KANSAS CITY — Texture, taste and nutrition continue to improve in gluten-free products. Chickpeas, oats and ancient grains are some of the ingredients featured in those improvements.
About 3 million Americans must avoid gluten because they have celiac disease, according to Beyond Celiac, Ambler, Pa., which seeks to drive diagnosis, advance research and accelerate the discovery of new treatments and a cure for celiac disease. Other people may seek gluten-free foods because they are gluten intolerant, meaning they have trouble digesting gluten. Grand View Research, Inc., San Francisco, estimated gluten-free products market revenue in the United States at $5,937.5 million in 2014 and $6,732.9 million in 2015.
Reaching that market means food manufacturers need to create gluten-free products that meet similar expectations to their conventional counterparts in quality and nutrition.
Artesa chickpea flour delivers a taste profile, mouthfeel and texture characteristics that are similar to wheat flour characteristics, according to Nutriati, Inc. and its commercialization partner, PLT Health Solutions, Morristown, N.J. The flour has a fine particle size, neutral taste and neutral white color, according to the companies. Fractionization, which removed much of the oil, cleaned up the flavor profile.
The flour has a protein content of 12% or more, which is twice the protein content of some other gluten-free flours. Artesa chickpea flour contains resistant starch and is Non-GMO Project verified.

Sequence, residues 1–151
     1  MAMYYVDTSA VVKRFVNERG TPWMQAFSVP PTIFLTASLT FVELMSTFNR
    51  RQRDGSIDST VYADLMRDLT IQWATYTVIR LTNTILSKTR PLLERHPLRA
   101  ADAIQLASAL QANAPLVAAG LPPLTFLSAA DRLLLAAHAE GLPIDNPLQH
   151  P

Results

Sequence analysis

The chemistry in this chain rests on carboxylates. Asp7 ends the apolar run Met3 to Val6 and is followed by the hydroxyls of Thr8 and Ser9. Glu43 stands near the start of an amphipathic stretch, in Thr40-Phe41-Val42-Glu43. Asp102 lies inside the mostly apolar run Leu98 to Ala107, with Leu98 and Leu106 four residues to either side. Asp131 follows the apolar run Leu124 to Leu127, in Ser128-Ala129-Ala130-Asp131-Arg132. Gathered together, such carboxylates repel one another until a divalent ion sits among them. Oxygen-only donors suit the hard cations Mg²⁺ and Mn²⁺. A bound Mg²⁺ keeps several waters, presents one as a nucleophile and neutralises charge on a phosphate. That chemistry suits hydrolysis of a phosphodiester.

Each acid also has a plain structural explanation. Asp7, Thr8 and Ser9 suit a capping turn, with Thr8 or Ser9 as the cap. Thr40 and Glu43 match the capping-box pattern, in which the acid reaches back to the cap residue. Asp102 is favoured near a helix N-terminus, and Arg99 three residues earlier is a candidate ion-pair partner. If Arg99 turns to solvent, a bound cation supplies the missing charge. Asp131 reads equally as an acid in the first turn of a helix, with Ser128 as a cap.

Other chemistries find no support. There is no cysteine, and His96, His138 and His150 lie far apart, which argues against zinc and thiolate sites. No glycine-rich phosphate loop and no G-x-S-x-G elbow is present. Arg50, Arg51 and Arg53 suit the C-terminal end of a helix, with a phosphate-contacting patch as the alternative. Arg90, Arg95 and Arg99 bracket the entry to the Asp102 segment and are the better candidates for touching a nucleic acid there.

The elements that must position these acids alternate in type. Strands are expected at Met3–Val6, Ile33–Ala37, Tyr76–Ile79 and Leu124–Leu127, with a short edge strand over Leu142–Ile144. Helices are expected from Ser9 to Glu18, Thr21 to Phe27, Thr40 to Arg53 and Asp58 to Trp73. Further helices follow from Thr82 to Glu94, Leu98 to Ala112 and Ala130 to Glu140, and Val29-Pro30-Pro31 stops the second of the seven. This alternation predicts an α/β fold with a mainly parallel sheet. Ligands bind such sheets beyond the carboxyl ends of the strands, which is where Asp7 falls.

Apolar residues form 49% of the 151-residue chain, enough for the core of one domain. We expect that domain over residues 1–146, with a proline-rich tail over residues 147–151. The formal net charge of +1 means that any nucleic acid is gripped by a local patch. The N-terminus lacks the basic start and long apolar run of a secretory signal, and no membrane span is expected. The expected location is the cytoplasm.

“A common challenge for gluten-free bread manufacturers is to produce a full loaf that has consistent crumb, structure and texture without collapse of the loaf or the development of large air pockets,” said Michael Spinelli, co-founder and chief innovation officer for Nutriati, Inc. “Artesa is able to solve these issues by enabling the production of consistent air cells, better crumb and mitigating the collapse of the product during baking and cooling.”
Artesa chickpea flour also has been shown to work in pasta.
“The functional characteristics of Artesa chickpea flour are ideal for difficult to formulate gluten-free products of which pasta is one,” Mr. Spinelli said. “Artesa chickpea flour excels in the production of extruded products like pasta and can be used in non-allergenic, egg-free formulations while maintaining mouthfeel.
“It is a unique material due to the Nutriati production process. It adds the structure of gluten found in wheat flour. It has elasticity similar to some of the best semolina flours for pasta applications. It also helps improve mouthfeel in a manner of a modified food starch where it can be used to replace dairy or eggs as well as gluten. This leads to the ability to create high quality vegan products.”
In 2013, Mr. Spinelli and Richard Kelly, chief executive officer, founded Nutriati, which focuses on the research, development and commercialization of plant-based ingredients.
The market debut of Artesa chickpea flour earlier this year marked the entry of PLT Health Solutions into the gluten-free category. The company will feature Artesa chickpea flour at its booth during IFT18, the Institute of Food Technologists’ annual meeting and expo July 15-18 in Chicago. Gluten-free crackers will contain Artesa chickpea flour, quinoa and flax.
Interest in oats accelerates
Gluten-free SowNaked oats won a 2018 Nexty Award for best new ingredient at Natural Products Expo West in March in Anaheim, Calif. Nexty awards are given to products that display innovation, integrity and inspiration and help forward the work of the natural products industry to deliver more healthful, trusted and sustainable products.